By Scott Hamilton
This week I am doing something a little different. I came across some excellent free training material in digital design and computer architecture. Atos is constantly seeking computer system architects, and finding well-trained people is difficult. So, I wanted to give a quick overview of digital design and point my readers to some great free material.
Digital design focuses on the underlying circuits that make computers possible. You learn about the logic circuits that make up the brains of the computer. These logic circuits are commonly referred to as logic gates. There are four basic gates that combine to make all computation possible, “and,” “or,” “xor” and “not.”
First, we need to explain logic signals; they are always either “True,” represented by a positive voltage or the number 1, and “False,” represented by a low voltage or the number 0. In classic logic circuits, “True” is between 4.7- and 5-volts and “False” is between 0 and 0.3 volts.
The “and” gate is fairly simple to understand; it basically means that all the inputs to the gate must be “True” for the output to be “True,” otherwise the output is “False.” The “or” gate is also fairly straight forward; if any input to the “or” gate is “True,” the output is “True,” and if they are all “False” the output is “False.”
The “xor,” or exclusive or, is a little more complicated. It is only “True” if a single input is “True;” if no inputs are “True” or more than one input is “True,” then the output is “False.” This is very useful in machine-learning algorithms where one expects only a single match; as a result it has become a very important logic gate in modern computers.
The last gate is probably one of the most useful because it allows one to modify the input or output of any logic gate. The “not” gate works to invert the input, so if the input is “True,” the output will be “False,” and if the input is “False,” the output will be “True.”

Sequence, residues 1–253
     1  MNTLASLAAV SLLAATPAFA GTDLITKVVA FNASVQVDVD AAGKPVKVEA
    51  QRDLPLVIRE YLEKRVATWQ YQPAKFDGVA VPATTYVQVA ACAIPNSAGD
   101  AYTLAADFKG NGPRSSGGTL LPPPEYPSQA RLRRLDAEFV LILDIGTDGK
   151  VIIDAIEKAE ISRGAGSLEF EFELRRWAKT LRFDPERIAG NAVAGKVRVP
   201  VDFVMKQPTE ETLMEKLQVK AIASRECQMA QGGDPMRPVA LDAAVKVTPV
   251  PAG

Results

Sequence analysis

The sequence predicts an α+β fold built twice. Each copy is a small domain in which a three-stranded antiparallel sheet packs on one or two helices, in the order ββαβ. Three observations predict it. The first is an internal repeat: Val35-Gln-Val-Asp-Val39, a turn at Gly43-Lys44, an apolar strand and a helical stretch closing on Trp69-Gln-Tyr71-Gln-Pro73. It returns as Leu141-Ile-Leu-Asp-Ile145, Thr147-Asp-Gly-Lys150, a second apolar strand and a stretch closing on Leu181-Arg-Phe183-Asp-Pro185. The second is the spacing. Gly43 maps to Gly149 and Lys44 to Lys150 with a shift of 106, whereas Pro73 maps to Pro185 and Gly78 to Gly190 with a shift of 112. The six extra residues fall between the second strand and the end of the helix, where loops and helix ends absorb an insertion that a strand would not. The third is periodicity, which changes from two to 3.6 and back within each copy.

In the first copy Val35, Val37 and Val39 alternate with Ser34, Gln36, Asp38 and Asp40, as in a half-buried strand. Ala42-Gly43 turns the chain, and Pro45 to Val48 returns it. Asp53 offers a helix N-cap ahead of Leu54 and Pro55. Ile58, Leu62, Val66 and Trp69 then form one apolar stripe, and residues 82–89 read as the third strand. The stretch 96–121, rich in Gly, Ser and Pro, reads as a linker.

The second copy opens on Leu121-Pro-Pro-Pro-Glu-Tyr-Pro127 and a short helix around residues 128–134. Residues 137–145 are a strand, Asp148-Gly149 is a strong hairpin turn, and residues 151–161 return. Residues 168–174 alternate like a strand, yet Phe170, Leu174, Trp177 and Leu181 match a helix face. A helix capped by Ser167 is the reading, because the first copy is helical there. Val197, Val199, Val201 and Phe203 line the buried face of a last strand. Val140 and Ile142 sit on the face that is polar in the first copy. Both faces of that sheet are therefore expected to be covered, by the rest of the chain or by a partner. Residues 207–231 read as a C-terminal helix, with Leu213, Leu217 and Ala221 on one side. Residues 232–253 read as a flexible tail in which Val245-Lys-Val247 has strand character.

Very early in digital design courses, you will learn how to make each of these circuits from standard transistors and how to use them to do simple mathematical operations. These are the foundational principles behind computer architecture, and a solid understanding of these basic principles is critical to understanding computer architecture.
Once these basics are thoroughly understood, the course material usually moves on to teach how modern computers work from the bottom up. You will learn about the tradeoffs between different designs and ideas. You will design a simple microprocessor of your own, usually a two- or four-bit processor, because these can usually be designed and implemented with simple circuits and demonstrate the workings at a level that can be easily studied.
You go on to learn how to debug increasingly complex systems at the level of the computer processor. This usually involves understanding how to correct hardware errors through software modification. This is because modifying the underlying hardware of the microprocessor is not possible, at least not in modern computers. The early computers were built out of these simple logic circuits and could actually be repaired and modified after manufacturing to correct hardware errors. The integrated circuit, which puts billions of transistors on a chip the size of a dime, makes repairing the individual circuits impossible today.
I highly recommend the freely available course, “Digital Design and Computer Architecture,” taught by my friend, Professor Onur Mutlu, at Eidgenössische Technische Hochschule Zürich (ETH Zurich) in Switzerland. You can find the course materials at http://lnkd.in/dZsaMZz and the videos on YouTube at http://lnkd.in/d-AquTb. Stay safe and learn something new.
Scott Hamilton is a Senior Expert in Emerging Technologies at ATOS and can be reached with questions and comments via email to email@example.com.